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Masters conference re e-discovery and social media


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  • 1. Social Media−E-Discovery in a Web 2.0 World For The Masters Conference Ronald Reagan Building, Washington, DC October 4, 2010
  • 2. Our Vantage PointsIn-House Counsel Outside Counsel International Counsel
  • 3. What Is Social Media?
  • 4. What Is Social Media? Internet forums Weblogs Social blogs Microblogging Wikis Podcasts Pictures Video Ratings Social Bookmarking
  • 5. What Is Social Media? No formal definition Evolving concept Formats: text, videos, images, audio, etc. Major characteristics:  Shared content  Interactive  Internet-based  Personal or corporate content  Informal tone
  • 6. Why Should I Care? Fourth most popular Internet activity  Nielsen study, Mar. 2009 More popular than e-mail Not just for kids and teenagers Adults-40% of 30+ use social media  Pew Internet & American Life Project Social Media & Young Adults, Feb. 2010
  • 7. Why Should I Care? Stats: Facebook  Over 500 million activeFacebookusers (50% daily users)  Over 100 million w/public information  Complete profile contains over 40 pieces of information (+ wall posts & status updates)  2/3 of comScore’s Top U.S. websites integrated into Facebook
  • 8. Why Should I Care? Personal Use  Some risk to business interests  Where is the line between personal and business use?  Disclosure of confidential business information  Unauthorized statements  Speaking on behalf of the business?
  • 9. Why Should I Care? Strong growth in business use  Internal  Customer-focused  Marketing  Regulatory & compliance (e.g., FTC)  Morale  Immediate customer feedback  Requires rapid response, protect the brand
  • 10. Intellectual Property Concerns Controlling use of company brand and marks Protecting and respecting copyrights Employees use of company IP without permission Protecting goodwill Use of competitor or 3rd party marks, likeness, website content, etc. Scope of 1st Amendment protections
  • 11. Social Media In Court Relevant Discovery obligations (preserve, collect, and produce)  In control of individual or company that generates it  Located on company or 3rd party server  Person presumed to control or have access to her own content on 3rd party site  Company control of content an employee posts?
  • 12. Social Media In Court Criminal & civil cases  Alibi  Sentencing reports  Statements against interest  Witness impeachment  Employment claims  Unfair trade or marketing practices  Witness and suspect investigations
  • 13. Social Media In Court  Jury Issues  Jury selection and research  Jury misconduct using technology on the rise: research on cases and disclosure of deliberations  As Jurors Turn to Web, Mistrials Are Popping Up, New York Times, Mar. 2009
  • 14. The Wrong Attitude
  • 15. The Right Attitude
  • 16. Where Is It? Content can be stored in another jurisdiction Stored across multiple servers/data centers In the “cloud” How do I preserve it and collect it? Who do I call?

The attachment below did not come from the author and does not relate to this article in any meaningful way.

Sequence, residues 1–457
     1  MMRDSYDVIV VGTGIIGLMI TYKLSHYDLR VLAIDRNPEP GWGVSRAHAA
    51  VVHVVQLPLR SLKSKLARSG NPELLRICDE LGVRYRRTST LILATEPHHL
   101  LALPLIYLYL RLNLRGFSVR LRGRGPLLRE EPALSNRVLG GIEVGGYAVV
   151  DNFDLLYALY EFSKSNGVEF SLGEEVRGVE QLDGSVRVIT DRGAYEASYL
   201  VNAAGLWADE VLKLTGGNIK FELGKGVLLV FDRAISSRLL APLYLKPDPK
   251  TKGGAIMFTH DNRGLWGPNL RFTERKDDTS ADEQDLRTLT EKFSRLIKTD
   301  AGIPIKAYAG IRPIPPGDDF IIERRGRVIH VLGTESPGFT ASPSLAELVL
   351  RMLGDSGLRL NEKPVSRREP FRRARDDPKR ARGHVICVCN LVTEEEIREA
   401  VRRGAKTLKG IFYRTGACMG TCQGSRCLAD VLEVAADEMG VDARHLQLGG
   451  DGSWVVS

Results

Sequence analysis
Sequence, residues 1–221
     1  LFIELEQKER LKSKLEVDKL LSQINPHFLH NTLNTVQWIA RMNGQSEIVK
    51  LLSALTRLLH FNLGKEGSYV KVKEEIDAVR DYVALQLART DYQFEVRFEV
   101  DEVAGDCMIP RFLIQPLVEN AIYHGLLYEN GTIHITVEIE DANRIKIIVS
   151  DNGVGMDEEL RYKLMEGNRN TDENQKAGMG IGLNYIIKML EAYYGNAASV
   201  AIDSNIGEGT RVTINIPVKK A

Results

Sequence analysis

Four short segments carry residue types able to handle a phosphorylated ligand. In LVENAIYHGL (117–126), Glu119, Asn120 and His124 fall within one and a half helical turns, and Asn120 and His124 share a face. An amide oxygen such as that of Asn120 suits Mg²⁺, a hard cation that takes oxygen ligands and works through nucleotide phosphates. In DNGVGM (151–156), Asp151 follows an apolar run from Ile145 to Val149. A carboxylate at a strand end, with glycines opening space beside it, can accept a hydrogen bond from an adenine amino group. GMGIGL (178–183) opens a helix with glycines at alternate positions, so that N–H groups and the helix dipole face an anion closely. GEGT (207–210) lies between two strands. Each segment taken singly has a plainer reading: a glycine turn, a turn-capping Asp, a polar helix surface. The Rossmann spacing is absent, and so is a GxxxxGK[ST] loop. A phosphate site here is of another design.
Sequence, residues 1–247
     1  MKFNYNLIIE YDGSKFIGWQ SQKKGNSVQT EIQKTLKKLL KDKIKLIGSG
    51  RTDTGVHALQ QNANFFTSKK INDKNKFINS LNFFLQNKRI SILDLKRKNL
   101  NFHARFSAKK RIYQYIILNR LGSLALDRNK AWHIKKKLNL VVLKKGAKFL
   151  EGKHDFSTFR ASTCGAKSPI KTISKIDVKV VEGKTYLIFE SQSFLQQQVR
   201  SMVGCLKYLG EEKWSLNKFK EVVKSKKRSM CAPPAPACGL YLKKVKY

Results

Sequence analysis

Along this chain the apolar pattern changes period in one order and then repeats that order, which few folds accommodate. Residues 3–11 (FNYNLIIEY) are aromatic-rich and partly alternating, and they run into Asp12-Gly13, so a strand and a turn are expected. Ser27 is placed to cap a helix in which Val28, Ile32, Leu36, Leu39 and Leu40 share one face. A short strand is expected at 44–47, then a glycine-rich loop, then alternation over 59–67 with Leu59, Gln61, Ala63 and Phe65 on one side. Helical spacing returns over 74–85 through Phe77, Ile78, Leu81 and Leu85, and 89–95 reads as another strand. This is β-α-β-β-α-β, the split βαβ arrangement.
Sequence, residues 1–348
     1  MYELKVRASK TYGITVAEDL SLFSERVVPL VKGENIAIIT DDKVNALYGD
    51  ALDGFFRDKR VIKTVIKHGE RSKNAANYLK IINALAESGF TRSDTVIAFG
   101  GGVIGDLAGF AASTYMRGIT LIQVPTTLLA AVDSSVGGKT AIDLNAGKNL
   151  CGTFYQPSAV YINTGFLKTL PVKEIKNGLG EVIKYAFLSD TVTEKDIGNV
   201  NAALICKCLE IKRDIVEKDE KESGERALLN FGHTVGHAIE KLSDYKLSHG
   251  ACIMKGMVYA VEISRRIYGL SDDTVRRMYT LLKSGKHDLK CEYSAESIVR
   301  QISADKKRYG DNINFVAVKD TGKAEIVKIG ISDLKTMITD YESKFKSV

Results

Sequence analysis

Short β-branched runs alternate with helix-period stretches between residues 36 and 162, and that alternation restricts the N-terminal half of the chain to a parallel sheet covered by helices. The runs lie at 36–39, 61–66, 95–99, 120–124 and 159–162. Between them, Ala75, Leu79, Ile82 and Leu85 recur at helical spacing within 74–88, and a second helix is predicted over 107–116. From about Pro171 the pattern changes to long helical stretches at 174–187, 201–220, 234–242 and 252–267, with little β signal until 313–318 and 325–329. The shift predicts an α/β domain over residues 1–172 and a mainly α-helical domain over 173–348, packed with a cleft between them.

• 17. Can I Control It? Social media site drives its own retention and destruction schedule No practical control over 3rd party site Rights and control opportunities waived when joining many sites
  • 18. Is Social Media Special? Treated as ESI under Federal Rules Data management Ownership Control of use Enterprise security Public or quasi-private information broadcasts
  • 19. Preservation and Collection Screen shots Static images Video of site content Software that crawl’s company and 3rd party sites Keyword searching Negotiate on scope of social media discovery and form of production
  • 20. Protective Domestic Laws 4th Amendment State privacy laws Stored Communications Act (SCA) Electronic Communications Privacy Act (ECPA) Health Insurance Portability & Accountability Act (HIPAA)
  • 21. An Expectation of Privacy? Privacy preferences give way to liberal discovery rules in litigation Many rights are waived upon joining, or by default settings Information may be subject to subpoena Little to no expectation of privacy, even for minors
  • 22. Privacy and Social Media
  • 23. Privacy Concerns
  • 24. Face to Facebook
  • 25. Blocking Statutes
  • 26. Technical Challenges
  • 27. Admissibility Authentication-FRE 901(a)  Must have evidence that document is what the proponent claims it is Internet Specialties West v. ISPWest  3rdparty websites not authenticated by testimony of site visitor Need witness with some access or first-hand knowledge FRE 902-”Self-Authentication”
  • 28. Admissibility Lorraine v. Markel American Insurance Co.  counsel must be prepared to deal with the evidentiary issues associated with admissibility  Will now allow discovery for the sake of discovery
  • 29. The Social Media Weapon London High Court allowed service of a court order to an anonymous blogger over Twitter Australian court allowed service of a default judgment through Facebook 9th Circuit-e-mail service ordered  Facebook or MySpace service next?
  • 30. Is There An Easy Button? Social media retention destruction policy or guideline Implement risk reduction practices Educate clients/employees Set proactive policies (create boundaries and acceptable norms) Identify social media objectives Identify employee rights and privacy expectations Monitor
  • 31. Is There An Easy Button? Outside counsel must learn and understand emerging Web 2.0 technologies Develop expanded view of documents Engage clients, witnesses, and opposing counsel on social media e-discovery issues Understand cross border data issues and local jurisdiction’s laws that may impact the case
  • 32. Questions?“Three things in life are certain:death, taxes, and computer failures.”-Erik Heels